The Unexpected Surprise That Came With Tax Reform
There's been no shortage of talk about the implications on the economy from a major cut in corporate tax rates approved by Congress this week, but one of the bill's provisions — to repeal Obamacare’s individual mandate — adds a whole other layer to the debate.
Since 2010, Republicans have been vowing to "repeal and replace" Obamacare. But even after taking control of the White House and both houses of Congress in 2016, Republicans still weren't able to come up with an alternative to the law. So instead, it added a provision in the tax cut bill just passed that says the federal government is no longer going to penalize people if they choose not to buy a health insurance policy.
Opponents who claim that 13 million people will “lose coverage" if the mandate was repealed missed an essential point — people will not be kicked off their existing plans, though they may decline to purchase insurance because of the very high premiums.
But will that be the case? Columnist Ramesh Ponnuru writes that getting rid of the mandate makes sense because its impact on insurance rates is not as drastic as once thought.
Throughout the debate over Obamacare, the Congressional Budget Office has attributed great power to the mandate. But the CBO has been backing away from its view about how crucial the mandate is. In its November report on the subject, it now concludes that the market for individual health insurance 'would continue to be stable in almost all areas of the country throughout the coming decade' without the mandate. It does not, in other words, foresee a 'death spiral' in which healthy people take the opportunity to flee that market, premiums skyrocket as they leave, and other healthy people then exit the market, too.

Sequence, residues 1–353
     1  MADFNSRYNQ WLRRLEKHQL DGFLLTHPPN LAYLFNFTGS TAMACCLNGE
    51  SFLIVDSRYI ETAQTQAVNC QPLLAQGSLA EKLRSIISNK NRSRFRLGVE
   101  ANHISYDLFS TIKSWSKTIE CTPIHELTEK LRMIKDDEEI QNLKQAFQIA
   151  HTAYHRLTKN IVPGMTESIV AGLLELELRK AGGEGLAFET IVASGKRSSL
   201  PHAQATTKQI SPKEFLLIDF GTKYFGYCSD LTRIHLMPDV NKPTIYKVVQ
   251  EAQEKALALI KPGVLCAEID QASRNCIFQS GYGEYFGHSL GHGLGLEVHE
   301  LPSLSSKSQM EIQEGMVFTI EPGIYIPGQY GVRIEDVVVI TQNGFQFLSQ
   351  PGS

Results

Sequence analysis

It is true that those who are young and healthy are most likely to drop their coverage since they are usually lower earners and they may not be able to afford to purchase high premium plans with high deductibles. Now that they don't face the federal tax penalty if they do not purchase insurance, they may opt out.
But what happens next may be dependent on whether it's possible to put a genie back in a bottle. Health care spending was already chewing up a huge amount of the economy before 2010, but Obamacare has actually increased the pace that health care costs have risen in the U.S.
Health care spending rose 4.3 percent in 2016, according to federal data released earlier this month. That is the third straight year it outpaced economic growth. Total health spending last year was 17.9 percent of gross domestic product, up from 17.2 percent in 2013.
Will insurers take advantage of this moment to charge even more for premiums from fewer young, healthy people? Doing so seems like the industry would spin itself into a voluntary death spiral, particularly as traditional insurance gets more and more expensive and provides less coverage.
This is especially relevant when alternatives, like Direct Primary Care, are becoming viable options. Meantime, the market may take this opportunity to innovate even more. Will we see some attractive options to cover young and healthy while also making sure older and less healthy? We'll have to see what corporate interests in this field decide to do with all that expected extra income from tax savings.
Will you be affected by the repeal of the Obamacare mandate? Tell us what your insurance company experiences.